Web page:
mission systems during normal operating conditions as well as
during various transients. Since this is a rather recent topic,
there are a limited number of topical research efforts reported
0885-8950/$31.00 2012 IEEE
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in the literature [11][14]. It has been shown in [11] that de-
pending on the amount of PV solar generation and the point
of interconnection (POI), transient voltages could have better
or worse behavior than the case without PV. Although most of
these studies advocate the fact that high PVpenetration can have
diverse effects on system transients, the cases considered for
system studies are not actual representations of a larger, inter-
connected power system. Authors in [14] have analyzed trans-
mission system performance with high PV penetration on an
IEEE 39-bus system. Various case studies have been conducted.
Unlike the aforementioned works, the present paper investi-
gates the effect of high PV penetration on a considerably large
system. The objective of this work is to identify the impact of
high PV penetration on the transmission system in light of the
fact that the impact of the PV systems will no longer be lim-
ited to the distribution system. Therefore, the PV systems are
aggregated and modeled at a 69-kV bus electrically closest to
the transmission level to study their impact on these systems.
Both utility scale and distributed rooftop PVs are modeled in
this work to cover a broad range of PV systems. In addition to
steady state analysis, the effect of transients on the system is
investigated by utilizing software packages such as DSATools
and PSLF.
The procedures to identify the impact of high PV penetra-
tion, the choices of the proper study cases, and the procedure to
equivalence the aggregated PV at the transmission level buses
provide the required steps to identify the impact of high PVpen-
etration on a large system. The impacts on the voltage stability
as well as the rotor angle stability are analyzed in this work. The
results presented in this work are based on a real system and de-
veloped in close consultation with the industry.
This paper is organized as follows. In Section II a brief de-
scription of the studied system is presented while Section III
presents the modeling aspects of the PV systems. Section IV
discusses the impacts associated with the high penetration of PV
systems on power system stability. Sections V and VI analyze
the impact on steady state stability. The analysis of transient sta-
bility is presented in Section VII. Conclusions that can be drawn
from these analyses are presented in Section VIII.
In order to better represent a case with high PV penetration
a large power system is selected for study. The simulated case
represents the entire Western Electricity Coordinating Council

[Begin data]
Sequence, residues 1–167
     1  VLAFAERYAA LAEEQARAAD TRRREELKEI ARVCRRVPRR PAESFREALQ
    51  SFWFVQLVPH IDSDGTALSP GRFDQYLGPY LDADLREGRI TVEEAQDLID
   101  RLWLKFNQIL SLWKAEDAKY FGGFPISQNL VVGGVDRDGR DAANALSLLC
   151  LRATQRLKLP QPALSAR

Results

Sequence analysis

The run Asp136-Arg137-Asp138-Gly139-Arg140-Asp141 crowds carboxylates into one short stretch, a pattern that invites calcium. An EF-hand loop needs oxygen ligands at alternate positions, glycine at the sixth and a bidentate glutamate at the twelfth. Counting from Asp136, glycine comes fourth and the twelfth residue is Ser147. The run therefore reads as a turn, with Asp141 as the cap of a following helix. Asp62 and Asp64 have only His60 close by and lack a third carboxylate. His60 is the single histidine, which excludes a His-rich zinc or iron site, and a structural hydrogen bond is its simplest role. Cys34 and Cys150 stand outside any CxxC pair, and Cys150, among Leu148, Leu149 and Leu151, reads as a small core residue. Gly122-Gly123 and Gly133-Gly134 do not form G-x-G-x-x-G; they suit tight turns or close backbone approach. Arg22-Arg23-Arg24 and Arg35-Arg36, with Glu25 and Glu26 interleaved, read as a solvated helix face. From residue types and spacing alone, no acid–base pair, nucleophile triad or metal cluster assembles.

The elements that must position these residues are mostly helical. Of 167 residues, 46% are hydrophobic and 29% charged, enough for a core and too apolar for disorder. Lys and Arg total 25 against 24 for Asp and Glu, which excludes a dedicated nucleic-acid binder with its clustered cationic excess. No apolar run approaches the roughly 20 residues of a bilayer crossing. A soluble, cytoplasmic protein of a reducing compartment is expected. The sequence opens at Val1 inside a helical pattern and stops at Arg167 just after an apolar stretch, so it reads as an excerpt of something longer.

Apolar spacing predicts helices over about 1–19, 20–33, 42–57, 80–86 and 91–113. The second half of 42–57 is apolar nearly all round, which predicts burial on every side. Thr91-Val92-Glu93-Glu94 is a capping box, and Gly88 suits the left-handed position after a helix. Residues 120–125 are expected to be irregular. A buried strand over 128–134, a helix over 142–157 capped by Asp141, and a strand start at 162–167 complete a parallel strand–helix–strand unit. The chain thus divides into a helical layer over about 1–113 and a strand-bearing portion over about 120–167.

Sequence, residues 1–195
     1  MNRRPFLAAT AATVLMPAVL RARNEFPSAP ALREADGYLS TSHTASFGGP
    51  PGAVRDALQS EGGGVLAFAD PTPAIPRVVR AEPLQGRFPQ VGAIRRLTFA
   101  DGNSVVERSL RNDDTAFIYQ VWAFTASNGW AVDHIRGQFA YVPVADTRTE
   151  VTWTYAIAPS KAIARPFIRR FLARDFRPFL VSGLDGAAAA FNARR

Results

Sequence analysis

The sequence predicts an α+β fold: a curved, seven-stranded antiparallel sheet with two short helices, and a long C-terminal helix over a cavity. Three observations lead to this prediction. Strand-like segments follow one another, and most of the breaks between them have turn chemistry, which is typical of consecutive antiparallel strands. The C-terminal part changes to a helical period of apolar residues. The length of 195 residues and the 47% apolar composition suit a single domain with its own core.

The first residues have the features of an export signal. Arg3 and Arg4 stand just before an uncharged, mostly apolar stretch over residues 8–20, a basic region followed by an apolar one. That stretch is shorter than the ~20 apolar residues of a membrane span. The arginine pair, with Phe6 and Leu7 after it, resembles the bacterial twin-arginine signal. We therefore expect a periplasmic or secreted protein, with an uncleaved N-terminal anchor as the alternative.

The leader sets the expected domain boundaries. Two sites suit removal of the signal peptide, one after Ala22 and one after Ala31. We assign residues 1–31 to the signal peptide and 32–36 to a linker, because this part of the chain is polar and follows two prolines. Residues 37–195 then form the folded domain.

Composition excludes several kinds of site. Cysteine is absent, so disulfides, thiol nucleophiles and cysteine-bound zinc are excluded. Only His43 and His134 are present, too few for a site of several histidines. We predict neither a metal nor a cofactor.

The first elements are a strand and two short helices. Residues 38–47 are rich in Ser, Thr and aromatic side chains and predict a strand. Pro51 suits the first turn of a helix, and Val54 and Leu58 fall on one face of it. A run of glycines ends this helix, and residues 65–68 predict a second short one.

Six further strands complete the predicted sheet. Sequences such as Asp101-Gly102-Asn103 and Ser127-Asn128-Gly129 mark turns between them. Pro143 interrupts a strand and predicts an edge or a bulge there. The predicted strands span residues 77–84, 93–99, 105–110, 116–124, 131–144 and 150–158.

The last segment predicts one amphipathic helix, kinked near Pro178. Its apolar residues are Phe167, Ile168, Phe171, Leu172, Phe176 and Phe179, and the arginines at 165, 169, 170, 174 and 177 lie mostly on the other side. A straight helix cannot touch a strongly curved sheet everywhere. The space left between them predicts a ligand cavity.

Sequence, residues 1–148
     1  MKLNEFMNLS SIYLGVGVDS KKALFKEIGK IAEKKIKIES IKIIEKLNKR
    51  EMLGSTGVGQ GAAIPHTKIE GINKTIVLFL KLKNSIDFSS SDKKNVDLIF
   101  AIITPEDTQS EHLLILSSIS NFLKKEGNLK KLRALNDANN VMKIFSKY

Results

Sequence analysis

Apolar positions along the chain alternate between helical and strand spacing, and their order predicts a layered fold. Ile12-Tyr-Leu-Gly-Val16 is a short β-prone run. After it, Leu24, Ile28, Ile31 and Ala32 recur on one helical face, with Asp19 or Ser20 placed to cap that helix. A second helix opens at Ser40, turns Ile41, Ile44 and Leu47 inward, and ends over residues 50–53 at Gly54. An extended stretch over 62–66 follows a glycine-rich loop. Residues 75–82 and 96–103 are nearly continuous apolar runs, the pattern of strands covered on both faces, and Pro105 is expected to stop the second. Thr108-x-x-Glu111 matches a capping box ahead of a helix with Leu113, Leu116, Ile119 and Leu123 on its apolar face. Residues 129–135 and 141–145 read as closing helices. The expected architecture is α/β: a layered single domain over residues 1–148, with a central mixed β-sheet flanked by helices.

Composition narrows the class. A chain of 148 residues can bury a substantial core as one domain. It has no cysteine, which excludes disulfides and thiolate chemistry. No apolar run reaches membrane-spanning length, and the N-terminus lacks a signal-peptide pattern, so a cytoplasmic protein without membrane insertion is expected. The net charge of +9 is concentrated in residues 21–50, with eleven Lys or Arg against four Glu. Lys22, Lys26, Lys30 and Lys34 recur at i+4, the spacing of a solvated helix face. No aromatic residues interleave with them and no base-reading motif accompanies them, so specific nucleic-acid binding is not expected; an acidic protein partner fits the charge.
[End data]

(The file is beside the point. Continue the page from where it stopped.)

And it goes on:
(WECC) with transmission voltage levels ranging from 34.5 kV
and 69 kV, to 345 kV and 500 kV. The PVs are only added to
a portion of the system with a relatively large amount of con-
ventional generation and export to other areas within WECC.
Table I presents a summary of the studied area with high con-
centration of utility scale and rooftop PVs. The studied area
has a single slack bus and various synchronous generators are
equipped with power system stabilizers (PSS), excitation sys-
tems, as well as governors for frequency regulation. In addition,
the base case, i.e., the case with no PV systems, has been veri-
ed to be secure.
The case selected for this study is operating at light loading
conditions. As seen from the load values in Table I, the active
load in this case is about 13 GW while the summer peak load of
the studied area is close to 20 GW. For the selected study area,
these conditions are valid representations of a case with peak
PV outputs and low loads. Under these conditions, specically
during the daylight off peak hours, the amount of load consump-
tion might be less than the PV output generated. Hence, the ex-
cess PV generation can contribute to the reversal of the power
ow from the load side to the transmission system. This can
in effect cause additional disruption in system operating condi-
Two types of PV systems are connected to the system con-
sidered. Table II lists important characteristics of these units.
Rooftop PVs are connected at transmission/subtransmission
voltage level of 69 kV across the studied area. These units have
been added based on a zip code map of the studied area and
are then equivalenced and added to the system at the closest 69
kV level buses. Therefore, an approximate total of 200 buses
were chosen for the location of the rooftop PVs. The utility
scale PVs are connected to the system via step-up transformers
at the locations where they are present. The utility scale PV
are only concentrated at a specic area of the system with high
potential for utility scale installations and therefore their control
capabilities can only be accounted for in a small portion of the
studied system. Throughout this study, it is assumed that utility
scale PVs are xed at 600 MW of active power generation,
accounting for only a small portion of the total installed PVs,
while roof top PVs are varied depending on the amount of PV
generation studied.
A. Modeling for Power Flow Studies
Most of the residential rooftop photovoltaic systems have
small outputs with no reactive power capability. Therefore, for
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Fig. 1. Schematic of the PSLF model used to represent utility scale PVs.
the purpose of power ow studies, they are represented as neg-
ative active power loads which are xed in power level. Only
active power components are used. In other words, buses with
residential PV systems are modeled as buses with .